Climate change is one of the biggest challenges of our time: temperatures are rising, drought and wildfires are occurring more frequently, rainfall patterns are shifting, glaciers are melting, and sea levels are rising. To mitigate this, huge changes at all levels of society, politics and businesses are required. The Sustainable Development Goals (SDGs) and the 2015 Paris Agreement represent an understanding that human and animal wellbeing depend on the planet’s life-support systems. They also demonstrate much needed international consensus on the urgency of addressing climate change and environmental degradation. However, simply having these treaties is not enough. Complying with them by translating their commitments into domestic laws and regulations is crucial.
From 1-12 November 2021, the 26th Conference of the Parties (COP26) to the United Nations Framework Convention on Climate Change (UNFCCC) will take place in Glasgow, United Kingdom. COP26 is significant as it will be the first COP after the COVID-19 pandemic erupted and most countries will have to make a new pledge after the Paris Agreement. The only two legally-binding points agreed in Paris are for countries to make commitments (Nationally Determined Contributions) and to report on them every 5 years with the goal of limiting the rise of global temperature to no more than 2°C above pre-industrial levels.
Ahead of the all-important conference, WFD and Konrad-Adenauer-Stiftung (KAS) have been implementing a programme to inform parliamentarians in Sub-Saharan Africa of COP26 issues and support their examination of their own national progress in delivering Nationally Determined Contributions (NDCs). The programme, which ran from January to June 2021, also supported parliamentarians to advance their work in scrutinising national climate policies and legislations in their respective countries.
Role of parliament and Environment Committees
The programme’s engagement with parliamentarians from five African countries – DRC, Ghana, Kenya, Nigeria, and Uganda – was with the recognition that there are strong linkages between action to address climate and environmental crises and the role that Environment Committees can play in advancing commitments (NDCs) in domestic legislation. Additionally, parliamentarians are uniquely placed to help raise the necessary public awareness of climate change; to ensure that citizens are involved in decisions on climate action; and to recognise the role of local communities in implementing climate and environmental policies.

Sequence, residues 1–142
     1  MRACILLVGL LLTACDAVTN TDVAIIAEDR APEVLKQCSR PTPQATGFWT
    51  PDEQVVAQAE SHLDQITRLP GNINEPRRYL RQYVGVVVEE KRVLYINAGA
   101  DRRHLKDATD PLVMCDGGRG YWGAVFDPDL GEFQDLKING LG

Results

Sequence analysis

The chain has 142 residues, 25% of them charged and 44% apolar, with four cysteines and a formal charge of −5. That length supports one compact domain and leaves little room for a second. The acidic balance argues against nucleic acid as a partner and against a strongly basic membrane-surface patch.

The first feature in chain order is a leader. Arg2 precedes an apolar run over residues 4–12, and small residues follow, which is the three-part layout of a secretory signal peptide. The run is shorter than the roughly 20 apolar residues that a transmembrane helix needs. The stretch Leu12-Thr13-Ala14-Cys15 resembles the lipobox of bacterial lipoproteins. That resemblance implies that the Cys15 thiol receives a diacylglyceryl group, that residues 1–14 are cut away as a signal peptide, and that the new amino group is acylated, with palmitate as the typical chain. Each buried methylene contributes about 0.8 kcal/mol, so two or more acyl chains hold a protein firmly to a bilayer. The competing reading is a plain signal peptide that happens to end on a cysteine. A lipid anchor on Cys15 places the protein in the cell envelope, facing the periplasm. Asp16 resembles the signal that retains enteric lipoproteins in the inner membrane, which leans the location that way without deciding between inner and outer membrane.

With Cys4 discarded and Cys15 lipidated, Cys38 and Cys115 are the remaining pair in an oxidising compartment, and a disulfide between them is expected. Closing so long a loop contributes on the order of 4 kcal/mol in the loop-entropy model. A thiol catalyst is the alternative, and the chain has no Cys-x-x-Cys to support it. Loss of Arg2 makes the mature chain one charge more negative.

Environment Committees have a unique mandate to exercise scrutiny and input into their government’s national climate change strategies. With this in mind, WFD and KAS delivered a series of activities geared towards equipping MPs with information about COP26 and the commitments their governments have made, as well as providing a forum for discussion and sharing of ideas.
First, research identified key capacity needs and areas of intervention. This provided clarity on the work of the committees and their baseline knowledge of NDCs and COP processes. Then, local roundtables on NDCs were hosted in four out of the five countries – enabling consultations and review of the respective countries’ preparedness for COP26.
The second phase of the programme allowed participants to access a personalised online training course, which provided an objective introduction to the main agenda items at COP26 and the possible outcomes from Glasgow; briefed participants on the approach of the UK Presidency and the priorities of African Group of Negotiators; and focused on parliamentary scrutiny, covering post-legislative scrutiny of climate legislation to support participants to advance and be more active in their scrutinising role.
To embed the learning, WFD facilitated a regional peer-to-peer virtual exchange workshops after each online course module. These group discussions offered selected senior parliamentarians from across the region a forum to exchange experiences and ideas about enhancing parliamentary scrutiny of COP26 preparations. A final policy brief summarising key highlights and themes in the group discussions was compiled to ensure participants have enough information to take forward within their own parliamentary context.
WFD’s Senior Environmental Adviser, Rafael Jiménez-Aybar, who provided technical advice throughout the programme says,
“WFD’s first regional environmental democracy programme in sub-Saharan Africa has brought to the fore a substantial number of good parliamentary practices on climate action, and the potential for catalysing an accelerated, just transition to a global zero-carbon society by empowering elected representatives in developing countries through South-South dialogue.”
WFD is looking forward to COP26, as the summit seeks to accelerate action towards the goals of the Paris Agreement and the UN Framework Convention on Climate Change.